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Two Teams Launch Bids For UGBC President and Vice President

Two teams launched their bids for UGBC president and vice president Friday afternoon, kicking off a race that will end when students cast their ballots on April 5.

The candidates for president are Lubens Benjamin, chair of UGBC’s AHANA+ Leadership Council and CSOM ’23, and Kudzai Kapurura, this year’s Martin Luther King Jr. Scholarship recipient and MCAS ’23. 

Their respective running mates are Julia Spagnola, chair of UGBC’s Academic Affairs Committee and MCAS ’23, and Lawrence Zhang, CAB’s assistant director for finance and live entertainment and MCAS ’23.

Benjamin and Spagnola announced their candidacy first at the election kick-off event hosted by the Elections Committee.

“Since my time at BC, I’ve really grown just because of the doors that this place has opened up to me,” Benjamin said during their announcement. “If I can make those doors more accessible to other students to open and enhance their experience, there’s nothing else I’d rather do.”

Spagnola emphasized the relationships she and Benjamin have formed with various campus offices and faculty members during their time in UGBC.

“Our policies are really intentional about not making these talking points with the same things that people come up here and say every year,” Spagnola said. “Because of our experience in the organization and working with each other and working with administrators, we also know what is not just practical but possible.”

Benjamin and Spagnola also detailed their four-point campaign platform, which includes diversity, equity, and inclusion, academic experience, student life, and institutional structures within UGBC.

Some of their priorities include evaluating the student academic advising process, streamlining the bias- and hate-related violations reporting system, and taking short-term steps to improve sustainability on campus. 

“When it comes to environmental sustainability, we are very keen on having short-term goals and solutions while still working towards long-term goals, like divestment, as well,” Benjamin said.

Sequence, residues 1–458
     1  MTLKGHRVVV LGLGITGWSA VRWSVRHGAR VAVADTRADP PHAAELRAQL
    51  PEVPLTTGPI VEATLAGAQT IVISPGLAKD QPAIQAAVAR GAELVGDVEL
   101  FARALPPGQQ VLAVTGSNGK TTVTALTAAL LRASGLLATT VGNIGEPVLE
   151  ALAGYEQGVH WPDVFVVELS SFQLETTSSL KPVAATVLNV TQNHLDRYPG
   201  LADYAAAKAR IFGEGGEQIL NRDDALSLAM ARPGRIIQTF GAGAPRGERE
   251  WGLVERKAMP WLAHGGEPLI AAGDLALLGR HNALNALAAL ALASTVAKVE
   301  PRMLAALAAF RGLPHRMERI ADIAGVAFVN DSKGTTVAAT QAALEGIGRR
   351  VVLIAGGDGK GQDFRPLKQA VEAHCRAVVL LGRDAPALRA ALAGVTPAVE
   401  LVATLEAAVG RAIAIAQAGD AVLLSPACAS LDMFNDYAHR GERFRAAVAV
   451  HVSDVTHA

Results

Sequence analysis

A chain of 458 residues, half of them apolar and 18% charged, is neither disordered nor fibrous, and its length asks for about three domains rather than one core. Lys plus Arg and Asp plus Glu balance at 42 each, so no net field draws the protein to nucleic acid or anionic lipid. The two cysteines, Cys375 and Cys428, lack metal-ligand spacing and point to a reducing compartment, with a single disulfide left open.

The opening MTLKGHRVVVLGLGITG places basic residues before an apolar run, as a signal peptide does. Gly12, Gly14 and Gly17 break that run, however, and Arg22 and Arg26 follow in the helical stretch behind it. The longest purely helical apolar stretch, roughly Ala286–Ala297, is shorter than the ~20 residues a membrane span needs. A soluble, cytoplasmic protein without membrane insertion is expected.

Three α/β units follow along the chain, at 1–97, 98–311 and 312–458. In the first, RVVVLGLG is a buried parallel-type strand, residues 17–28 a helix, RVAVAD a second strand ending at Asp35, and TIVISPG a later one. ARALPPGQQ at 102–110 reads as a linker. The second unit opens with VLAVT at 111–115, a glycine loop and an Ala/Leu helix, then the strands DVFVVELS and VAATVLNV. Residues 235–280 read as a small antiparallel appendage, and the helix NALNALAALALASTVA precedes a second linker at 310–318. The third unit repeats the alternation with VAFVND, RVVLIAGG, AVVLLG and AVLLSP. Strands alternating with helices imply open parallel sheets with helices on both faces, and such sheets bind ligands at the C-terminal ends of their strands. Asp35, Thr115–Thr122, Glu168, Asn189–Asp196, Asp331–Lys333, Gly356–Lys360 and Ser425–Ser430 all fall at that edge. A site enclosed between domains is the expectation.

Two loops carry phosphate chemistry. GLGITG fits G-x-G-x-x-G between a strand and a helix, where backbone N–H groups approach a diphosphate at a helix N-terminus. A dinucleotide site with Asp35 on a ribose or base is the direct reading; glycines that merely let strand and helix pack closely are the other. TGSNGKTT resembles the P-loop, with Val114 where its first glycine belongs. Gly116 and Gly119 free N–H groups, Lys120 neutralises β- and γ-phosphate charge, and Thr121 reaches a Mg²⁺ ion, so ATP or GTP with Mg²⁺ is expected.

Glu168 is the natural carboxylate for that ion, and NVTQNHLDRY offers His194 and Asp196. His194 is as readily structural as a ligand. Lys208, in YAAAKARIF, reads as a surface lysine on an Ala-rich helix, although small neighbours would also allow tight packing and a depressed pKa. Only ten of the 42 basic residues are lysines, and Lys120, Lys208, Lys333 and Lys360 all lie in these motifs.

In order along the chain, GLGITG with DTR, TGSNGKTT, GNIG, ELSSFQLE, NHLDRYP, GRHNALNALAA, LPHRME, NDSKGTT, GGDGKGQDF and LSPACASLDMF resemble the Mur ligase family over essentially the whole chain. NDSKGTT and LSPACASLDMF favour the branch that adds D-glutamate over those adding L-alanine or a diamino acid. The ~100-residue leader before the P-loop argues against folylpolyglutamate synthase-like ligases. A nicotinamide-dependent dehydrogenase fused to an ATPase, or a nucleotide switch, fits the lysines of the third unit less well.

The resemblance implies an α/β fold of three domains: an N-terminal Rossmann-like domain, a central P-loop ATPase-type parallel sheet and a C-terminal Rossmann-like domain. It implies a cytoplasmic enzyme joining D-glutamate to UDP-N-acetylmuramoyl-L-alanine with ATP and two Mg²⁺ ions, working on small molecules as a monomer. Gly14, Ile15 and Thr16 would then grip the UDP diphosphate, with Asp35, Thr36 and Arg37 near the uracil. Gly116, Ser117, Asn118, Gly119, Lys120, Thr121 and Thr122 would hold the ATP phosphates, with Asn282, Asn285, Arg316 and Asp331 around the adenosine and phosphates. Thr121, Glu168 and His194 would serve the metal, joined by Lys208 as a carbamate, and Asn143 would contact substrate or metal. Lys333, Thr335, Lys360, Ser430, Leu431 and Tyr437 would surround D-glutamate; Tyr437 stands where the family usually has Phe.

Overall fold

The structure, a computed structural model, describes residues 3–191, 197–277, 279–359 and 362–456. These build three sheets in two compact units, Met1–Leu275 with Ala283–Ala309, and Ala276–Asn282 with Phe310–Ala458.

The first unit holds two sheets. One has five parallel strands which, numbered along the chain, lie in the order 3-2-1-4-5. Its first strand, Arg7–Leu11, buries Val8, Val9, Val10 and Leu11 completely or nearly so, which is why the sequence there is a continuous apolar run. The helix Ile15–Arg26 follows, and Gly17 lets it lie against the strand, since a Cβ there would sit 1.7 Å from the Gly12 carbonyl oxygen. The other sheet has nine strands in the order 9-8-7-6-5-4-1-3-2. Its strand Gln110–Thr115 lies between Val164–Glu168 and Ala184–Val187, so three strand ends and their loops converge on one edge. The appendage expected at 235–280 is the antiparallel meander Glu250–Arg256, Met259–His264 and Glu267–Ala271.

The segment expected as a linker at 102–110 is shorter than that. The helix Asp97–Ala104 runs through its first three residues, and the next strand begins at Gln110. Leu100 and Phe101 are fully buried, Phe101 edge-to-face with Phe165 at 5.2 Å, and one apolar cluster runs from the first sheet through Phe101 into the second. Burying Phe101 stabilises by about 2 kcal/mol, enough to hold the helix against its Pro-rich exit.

Ultimately, Spagnola said their team is not focused solely on winning or losing, but on creating change on campus. 

“We want to lay the foundations that something greater is possible for future students at BC, and we promise that we’ll give you all we have,” Spagnola said.

After Benjamin and Spagnola’s speech, Kapurura announced her run for presidency and Zhang’s run for the vice presidency. 

“We think that this is an opportunity to now serve a greater part of our student body and we are enthusiastic to take that opportunity up,” Kapurura said. “I couldn’t think of anyone better to do that with than Lawrence.”

Kapurura said she and Zhang are approaching UGBC from an outside perspective in an effort to incite change within the organization.

“We have no UGBC experience, which I think works better because we don’t have to worry about the complexity of bureaucracy and … we come in with a fresh perspective,” Kapurura said.

The team’s campaign platform outlined a wide range of goals—from diversity, equity, and inclusion to sustainability. 

Some of their proposed changes include establishing a career development program within the Morrissey College of Arts and Sciences, involving students in the hiring process for professors, and having a UGBC representative on Boston College’s Board of Trustees. Zhang also cited recent problems with housing at BC as an issue the team plans to address.

“Not only this year, but in years past, BC housing has always been an issue, and we will work with Office of Residential Life and other departments like BC Information Technology to … ensure that the website capabilities next year are up to date and that we have transparency around the process,” Zhang said.

According to Kapurura, she and Zhang are the best candidates because they have collected and heard so many student experiences.

“Leadership is not about what we want to do or what we think we can do, but it’s about thinking about what does our student body need and how can we best implement those needs through policy,” she said.

Featured Image by Erin Shannon / Heights Editor

March 19, 2022